Product Quality, Linder, and the Direction of Trade
NBER Working Paper No. 10877
A substantial amount of theoretical work predicts that quality plays an important role as a determinant of the global patterns of bilateral trade. This paper develops an empirical framework to estimate the empirical relevance of this prediction. In particular, it identifies the effect of quality operating on the demand side through the relationship between per capita income and aggregate demand for quality. The model yields predictions for bilateral flows at the sectoral level, and is estimated using cross-sectional data for bilateral trade among 60 countries in 1995. The empirical results confirm the theoretical prediction: rich countries tend to import relatively more from countries that produce high quality goods. The paper also shows that a severe aggregation bias explains the failure of the literature so far to find consistent empirical support for the "Linder hypothesis", the conjectured corollary to the first theory relating product quality and the direction of trade.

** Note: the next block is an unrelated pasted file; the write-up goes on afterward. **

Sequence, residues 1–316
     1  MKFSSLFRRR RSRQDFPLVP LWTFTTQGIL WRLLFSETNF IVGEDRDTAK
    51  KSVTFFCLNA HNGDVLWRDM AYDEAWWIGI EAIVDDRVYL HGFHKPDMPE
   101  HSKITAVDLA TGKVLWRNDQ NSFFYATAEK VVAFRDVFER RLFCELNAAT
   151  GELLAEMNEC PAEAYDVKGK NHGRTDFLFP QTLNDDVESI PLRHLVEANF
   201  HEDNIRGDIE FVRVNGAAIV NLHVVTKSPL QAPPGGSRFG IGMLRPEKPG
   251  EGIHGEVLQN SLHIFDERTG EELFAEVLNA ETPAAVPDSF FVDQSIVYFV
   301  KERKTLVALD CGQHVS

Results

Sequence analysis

Published: Hallak, Juan Carlos. "Product Quality And The Direction Of Trade," Journal of International Economics, 2006, v68(1,Jan), 238-265.
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